10 Water Safety Tips to Prevent Drowning

When the sweltering heat of Texas summer is upon us, we often find ourselves seeking relief in a pool, lake, or ocean with our families. The water is a great way to cool off, stay active, and create lifelong memories with your kids. Far too often, however, we forget how dangerous that water can be and how vigilantly we need to protect our children.

I was always the mom that thought I kept a close eye on my children. I thought I knew everything there was to know about how to keep them safe near water. I thought I was doing my best job…until we had our own close call with drowning. The scariest part? My child (who I thought had gone inside) was only a few feet away from me when it happened. By the grace of God, when I scooped my child from the water, she was okay.

Tragically, that is not the case for far too many children. Forty-three children in Texas have drowned in Texas so far in 2018. Drowning is the leading cause of accidental death for children under the age of five. Fortunately, there are many steps that we can take as parents to ensure our children’s safety in the water.

5 Water Safety Tips to Prevent Drowning

  • Have a designated adult supervising the water at all times.

    If your children are in the water, there should be an adult watching them at all times. This person should be sober and undistracted by other things. A realistic way to accomplish this task is by taking turns, or shifts. You can use a specific object, like a necklace or a hat, for the designated adult to wear during their “shift.” It only takes two minutes for a person submerged in water to lose consciousness. This is about the same time it takes to read and reply to a text message.

  • Teach children about water safety early.

    Did you know that children can start swim lessons as early as six months old? The most important thing that children will learn in swim lessons is self-rescue techniques, such as floating on their back and safely swimming to the edge or steps. This simple skill could save their life in the event that they fall into the water accidentally. It is never too early to establish rules for the water with your children. Consider making rules for both swimming times AND non-swimming times. 

  • Do NOT rely on flotation devices.

    One of the biggest mistakes that parents can make is putting too much faith in floaties and rafts. These are NOT lifesaving devices. When possible, use a Coast Guard-approved life vest when in the water, but always remember that no flotation device or life vest should ever replace supervision. 

  • Check pool equipment thoroughly and often.

    Pool drains should be checked (at least) yearly by a professional. Make sure to check the drain in any pool you are swimming in, whether private or public. A faulty, damaged, or missing drain cover can result in entrapment of hair or clothing, holding that person underneath the water. Before getting in a pool or spa, locate the emergency shut-off switch. If you are unsure how to check your drains, please contact a pool service professional. (This is especially important in pools built before 2008.)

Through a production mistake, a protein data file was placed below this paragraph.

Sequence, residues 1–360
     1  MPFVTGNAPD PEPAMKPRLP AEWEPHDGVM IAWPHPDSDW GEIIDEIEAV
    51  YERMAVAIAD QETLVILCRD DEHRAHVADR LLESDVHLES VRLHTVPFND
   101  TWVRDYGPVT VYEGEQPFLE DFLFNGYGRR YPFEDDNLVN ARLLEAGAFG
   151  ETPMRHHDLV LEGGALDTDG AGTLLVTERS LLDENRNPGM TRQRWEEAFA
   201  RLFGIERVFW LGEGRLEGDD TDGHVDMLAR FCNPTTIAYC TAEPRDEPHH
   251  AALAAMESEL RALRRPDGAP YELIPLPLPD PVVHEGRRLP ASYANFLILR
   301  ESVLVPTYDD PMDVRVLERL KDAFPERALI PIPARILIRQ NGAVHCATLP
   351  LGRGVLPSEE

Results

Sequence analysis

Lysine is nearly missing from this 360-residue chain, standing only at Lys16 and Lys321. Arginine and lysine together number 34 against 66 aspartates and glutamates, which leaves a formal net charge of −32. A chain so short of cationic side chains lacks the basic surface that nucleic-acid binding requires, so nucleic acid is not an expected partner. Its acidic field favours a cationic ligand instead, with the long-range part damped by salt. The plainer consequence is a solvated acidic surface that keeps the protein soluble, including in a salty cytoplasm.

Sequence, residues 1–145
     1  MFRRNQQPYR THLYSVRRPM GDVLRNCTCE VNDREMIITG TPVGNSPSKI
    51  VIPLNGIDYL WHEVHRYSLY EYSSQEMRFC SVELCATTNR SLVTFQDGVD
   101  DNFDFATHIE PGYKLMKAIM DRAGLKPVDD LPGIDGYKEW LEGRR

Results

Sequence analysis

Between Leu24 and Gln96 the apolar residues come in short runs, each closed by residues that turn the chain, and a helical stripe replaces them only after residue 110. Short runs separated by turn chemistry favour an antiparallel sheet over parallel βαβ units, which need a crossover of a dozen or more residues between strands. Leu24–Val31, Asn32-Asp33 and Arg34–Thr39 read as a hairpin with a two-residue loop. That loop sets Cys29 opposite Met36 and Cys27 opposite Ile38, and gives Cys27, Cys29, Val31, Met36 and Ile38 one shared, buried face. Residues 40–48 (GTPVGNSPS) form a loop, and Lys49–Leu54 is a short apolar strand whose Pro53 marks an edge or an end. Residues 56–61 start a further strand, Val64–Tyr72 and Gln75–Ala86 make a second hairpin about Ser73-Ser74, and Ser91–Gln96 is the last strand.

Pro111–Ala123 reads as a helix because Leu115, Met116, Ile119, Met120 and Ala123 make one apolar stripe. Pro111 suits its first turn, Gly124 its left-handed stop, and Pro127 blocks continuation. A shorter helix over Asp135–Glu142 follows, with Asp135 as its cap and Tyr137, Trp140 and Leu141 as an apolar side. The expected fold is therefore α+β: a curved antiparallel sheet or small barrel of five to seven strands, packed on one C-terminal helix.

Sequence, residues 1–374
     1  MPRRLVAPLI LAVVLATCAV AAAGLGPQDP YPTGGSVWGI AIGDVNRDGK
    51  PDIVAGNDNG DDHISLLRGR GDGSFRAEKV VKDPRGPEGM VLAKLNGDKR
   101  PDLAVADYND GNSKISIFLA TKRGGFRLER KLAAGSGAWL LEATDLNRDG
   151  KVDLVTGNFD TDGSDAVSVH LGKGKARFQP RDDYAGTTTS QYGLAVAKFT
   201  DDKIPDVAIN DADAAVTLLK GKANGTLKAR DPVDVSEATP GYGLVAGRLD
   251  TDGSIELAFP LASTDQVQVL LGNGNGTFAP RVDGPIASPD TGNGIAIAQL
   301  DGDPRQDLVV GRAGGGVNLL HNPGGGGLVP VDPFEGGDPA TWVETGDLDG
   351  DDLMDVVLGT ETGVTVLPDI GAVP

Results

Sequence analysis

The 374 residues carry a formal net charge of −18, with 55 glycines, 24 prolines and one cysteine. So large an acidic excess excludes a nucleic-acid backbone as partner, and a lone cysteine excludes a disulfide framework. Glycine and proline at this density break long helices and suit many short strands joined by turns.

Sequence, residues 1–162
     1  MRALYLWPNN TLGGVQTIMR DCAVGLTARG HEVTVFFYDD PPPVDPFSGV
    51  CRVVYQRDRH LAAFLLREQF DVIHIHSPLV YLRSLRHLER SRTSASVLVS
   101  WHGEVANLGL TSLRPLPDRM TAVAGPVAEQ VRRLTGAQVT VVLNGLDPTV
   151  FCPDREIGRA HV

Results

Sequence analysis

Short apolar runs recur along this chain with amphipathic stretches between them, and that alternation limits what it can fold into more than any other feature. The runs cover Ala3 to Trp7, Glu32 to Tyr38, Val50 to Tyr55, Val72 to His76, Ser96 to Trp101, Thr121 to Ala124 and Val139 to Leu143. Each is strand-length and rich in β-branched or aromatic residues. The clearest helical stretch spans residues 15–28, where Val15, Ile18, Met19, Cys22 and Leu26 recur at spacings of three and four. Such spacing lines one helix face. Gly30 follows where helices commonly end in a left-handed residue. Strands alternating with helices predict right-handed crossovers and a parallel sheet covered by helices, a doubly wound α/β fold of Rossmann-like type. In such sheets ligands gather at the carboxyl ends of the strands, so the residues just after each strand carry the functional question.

• Be prepared for an emergency.

    Though you hope that you will never need them, it is incredibly important that you are prepared in case of an emergency. Have these things readily available: 

    • First aid kit 
    • Scissors (in the event of entrapment)
    • Posted CPR instructions
    • Posted “Water Rules”
    • Life ring or reaching pole to reach someone who is drowning (avoid jumping into deep water to rescue someone, as a person in distress could pull you underwater)
    • Telephone to call 911

Plus 5 Tips for Water Safety When You’re Not Swimming

  • Keep pool toys out of the pool.
  • Empty portable pools when not in use.
  • Make sure to have a pool fence around the pool. It should be at least four feet tall, self-closing, self-latching, and locked.
  • Consider getting a back door alarm or pool surface alarm.
  • If a child is missing, look in the water FIRST. Every second counts!

All of us at Collin County Moms Blog wish you a happy, fun, and safe summer! 

Nadia Sherwin
Nadia was born and raised in Collin County and currently lives in Wylie. She is a former kindergarten teacher, but is staying at home for the first time this year with her own little students: two year old TWINS and five-month-old TRIPLETS. Yes, you read that right, five children under three years old! Though her hands are very (literally) full, Nadia wouldn't have it any other way. Nadia always makes time to snap pictures of her littles, have friends over for parties, and go on adventures with her family. You can often find her falling asleep sitting up, nursing/pumping for the triplets, binge watching terrible TV shows in the wee hours of the morning, or surfing Pinterest for meals she'll never cook and crafts she'll never make. Nadia's new-found love is exercising and taking steps day-by-day to become the best version of herself.